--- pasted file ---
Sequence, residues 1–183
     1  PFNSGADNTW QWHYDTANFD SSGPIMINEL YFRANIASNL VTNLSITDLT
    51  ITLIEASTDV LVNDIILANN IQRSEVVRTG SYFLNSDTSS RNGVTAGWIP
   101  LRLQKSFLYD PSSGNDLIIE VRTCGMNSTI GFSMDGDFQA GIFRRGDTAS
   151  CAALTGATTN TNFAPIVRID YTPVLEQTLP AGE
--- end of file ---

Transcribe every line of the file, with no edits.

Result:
Sequence, residues 1–183
     1  PFNSGADNTW QWHYDTANFD SSGPIMINEL YFRANIASNL VTNLSITDLT
    51  ITLIEASTDV LVNDIILANN IQRSEVVRTG SYFLNSDTSS RNGVTAGWIP
   101  LRLQKSFLYD PSSGNDLIIE VRTCGMNSTI GFSMDGDFQA GIFRRGDTAS
   151  CAALTGATTN TNFAPIVRID YTPVLEQTLP AGE